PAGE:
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Proptech Startup Shuts Down One Year After Raising $100M, Citing Market Conditions


Reali, a California-based real estate and financial technology platform, plans to cease operations and lay off most of its employees by Sept. 9.

The company, in a press release this week, attributed the shutdown to the current challenges in the real estate and financial markets and the unfavorable capital-raising environment.

The shutdown comes just one year after Reali raised its $100M, Series B round led by Zeev Ventures in August 2021, TechCrunch reported. The company has raised more than $290M in debt and equity funding since its 2016 founding, according to CrunchBase. 

Reali employed 140 people, according to a report from CTECH by Catalyst. A small team of employees will still support active real estate transactions through the end of the year, Reali's press release said.

Reali was co-founded by Amit Haller and Ami Avrahami in Israel in 2016. The duo wanted to create a transparent real estate buying and selling process. The startup aimed to help customers buy and sell in one transaction. The company operates in six regions of California including the San Francisco Bay area and the Inland Empire.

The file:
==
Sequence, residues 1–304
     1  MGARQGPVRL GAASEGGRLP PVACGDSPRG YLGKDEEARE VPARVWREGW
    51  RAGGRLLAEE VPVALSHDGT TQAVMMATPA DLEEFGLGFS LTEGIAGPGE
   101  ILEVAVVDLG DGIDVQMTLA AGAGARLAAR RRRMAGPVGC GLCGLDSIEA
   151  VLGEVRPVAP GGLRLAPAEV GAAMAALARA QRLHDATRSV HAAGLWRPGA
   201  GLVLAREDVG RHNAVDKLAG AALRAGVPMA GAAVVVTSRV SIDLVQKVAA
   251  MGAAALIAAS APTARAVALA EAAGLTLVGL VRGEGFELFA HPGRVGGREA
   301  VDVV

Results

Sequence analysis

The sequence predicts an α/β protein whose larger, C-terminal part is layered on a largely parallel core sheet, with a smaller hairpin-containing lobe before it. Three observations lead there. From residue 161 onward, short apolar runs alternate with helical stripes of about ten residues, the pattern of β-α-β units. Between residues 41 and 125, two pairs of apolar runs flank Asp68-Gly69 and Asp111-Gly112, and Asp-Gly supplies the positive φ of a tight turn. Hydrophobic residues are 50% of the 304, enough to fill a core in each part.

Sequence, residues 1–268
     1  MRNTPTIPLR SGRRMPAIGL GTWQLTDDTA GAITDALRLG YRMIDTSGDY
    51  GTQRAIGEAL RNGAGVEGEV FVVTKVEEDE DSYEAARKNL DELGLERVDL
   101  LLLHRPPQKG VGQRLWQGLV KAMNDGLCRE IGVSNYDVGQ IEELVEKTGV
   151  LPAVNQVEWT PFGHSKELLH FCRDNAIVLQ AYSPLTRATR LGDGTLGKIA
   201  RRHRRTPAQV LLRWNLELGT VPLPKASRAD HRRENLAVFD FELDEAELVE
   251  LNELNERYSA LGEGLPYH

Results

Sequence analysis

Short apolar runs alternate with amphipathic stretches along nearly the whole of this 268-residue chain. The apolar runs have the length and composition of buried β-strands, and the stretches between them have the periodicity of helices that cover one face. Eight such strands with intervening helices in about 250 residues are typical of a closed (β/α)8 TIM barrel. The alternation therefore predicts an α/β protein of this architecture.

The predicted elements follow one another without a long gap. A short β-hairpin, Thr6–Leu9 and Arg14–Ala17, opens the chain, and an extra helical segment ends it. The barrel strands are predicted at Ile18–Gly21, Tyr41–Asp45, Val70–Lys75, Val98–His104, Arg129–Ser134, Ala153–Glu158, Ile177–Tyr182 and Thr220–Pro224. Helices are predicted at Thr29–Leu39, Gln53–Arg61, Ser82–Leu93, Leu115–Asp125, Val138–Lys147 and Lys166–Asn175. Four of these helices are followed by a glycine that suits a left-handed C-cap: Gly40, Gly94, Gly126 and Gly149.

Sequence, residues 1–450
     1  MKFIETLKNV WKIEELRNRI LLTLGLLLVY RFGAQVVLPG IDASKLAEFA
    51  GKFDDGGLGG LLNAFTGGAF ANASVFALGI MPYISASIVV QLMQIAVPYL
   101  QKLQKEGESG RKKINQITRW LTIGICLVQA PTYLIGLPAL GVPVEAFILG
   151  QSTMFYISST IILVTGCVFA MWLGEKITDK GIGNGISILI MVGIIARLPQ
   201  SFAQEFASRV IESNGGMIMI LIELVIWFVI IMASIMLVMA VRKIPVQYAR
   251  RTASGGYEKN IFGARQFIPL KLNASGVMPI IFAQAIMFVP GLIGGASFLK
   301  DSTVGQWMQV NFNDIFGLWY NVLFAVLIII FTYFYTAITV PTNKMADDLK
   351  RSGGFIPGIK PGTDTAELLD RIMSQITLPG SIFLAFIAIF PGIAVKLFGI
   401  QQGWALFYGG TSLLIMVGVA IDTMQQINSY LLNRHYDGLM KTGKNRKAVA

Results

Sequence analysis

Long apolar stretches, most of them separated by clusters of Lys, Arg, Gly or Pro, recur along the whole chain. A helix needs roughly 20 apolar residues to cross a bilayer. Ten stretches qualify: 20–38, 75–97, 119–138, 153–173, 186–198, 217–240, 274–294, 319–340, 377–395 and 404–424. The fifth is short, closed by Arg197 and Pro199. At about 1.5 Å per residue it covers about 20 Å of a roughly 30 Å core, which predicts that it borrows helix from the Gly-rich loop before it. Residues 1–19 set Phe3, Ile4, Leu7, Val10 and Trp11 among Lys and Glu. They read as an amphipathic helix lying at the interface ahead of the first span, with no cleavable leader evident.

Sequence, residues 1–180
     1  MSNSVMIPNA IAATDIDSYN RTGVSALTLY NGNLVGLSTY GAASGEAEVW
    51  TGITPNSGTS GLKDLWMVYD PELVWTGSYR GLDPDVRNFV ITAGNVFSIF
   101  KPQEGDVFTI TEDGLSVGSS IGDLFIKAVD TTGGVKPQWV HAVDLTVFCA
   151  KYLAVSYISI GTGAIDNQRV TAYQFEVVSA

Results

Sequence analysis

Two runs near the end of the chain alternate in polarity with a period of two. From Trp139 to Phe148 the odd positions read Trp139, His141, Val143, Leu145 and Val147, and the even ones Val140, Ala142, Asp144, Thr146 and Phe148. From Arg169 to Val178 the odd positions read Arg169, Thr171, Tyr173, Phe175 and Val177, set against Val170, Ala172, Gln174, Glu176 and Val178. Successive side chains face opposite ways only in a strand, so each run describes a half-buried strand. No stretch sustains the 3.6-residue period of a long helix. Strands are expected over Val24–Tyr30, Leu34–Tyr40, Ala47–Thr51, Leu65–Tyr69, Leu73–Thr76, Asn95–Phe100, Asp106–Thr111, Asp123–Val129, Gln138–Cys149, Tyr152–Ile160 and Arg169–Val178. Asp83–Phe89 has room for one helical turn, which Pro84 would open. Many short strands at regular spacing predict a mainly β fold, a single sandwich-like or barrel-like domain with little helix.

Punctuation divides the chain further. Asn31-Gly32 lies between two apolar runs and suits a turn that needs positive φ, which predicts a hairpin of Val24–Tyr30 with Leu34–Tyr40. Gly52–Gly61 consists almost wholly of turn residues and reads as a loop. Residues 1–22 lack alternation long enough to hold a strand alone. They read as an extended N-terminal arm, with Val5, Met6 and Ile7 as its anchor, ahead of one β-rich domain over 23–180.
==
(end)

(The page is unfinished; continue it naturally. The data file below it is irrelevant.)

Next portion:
"We had an incredible six-year run delighting homeowners," Reali CEO Tyler Baldwin said. "We want to extend our deepest gratitude to the thousands of homeowners who trusted Reali with their homeownership journeys, the Reali team, our investors, and those who rooted for us from the sidelines. It has been a pleasure to serve our communities."

Proptech companies across the country have struggled to raise money this year, as Bisnow previously reported, with one venture capital executive calling this year's funding market "virtually unrecognizable." Experts said in June that if the market doesn't improve soon, more companies will run out of money and could be forced to shut down.  

The VC funding market woes came after proptech stocks fell dramatically, with public proptech companies from January to June losing an average of 30% of their value, 7% worse than the Nasdaq index, according to Crain’s New York Business., a digital mortgage lender, is conducting its fourth round of layoffs since December, TechCrunch reported Thursday. The company has already laid off thousands of employees. It says that has been triggered by increased mortgage rates, which have forced the company to adjust to market dynamics.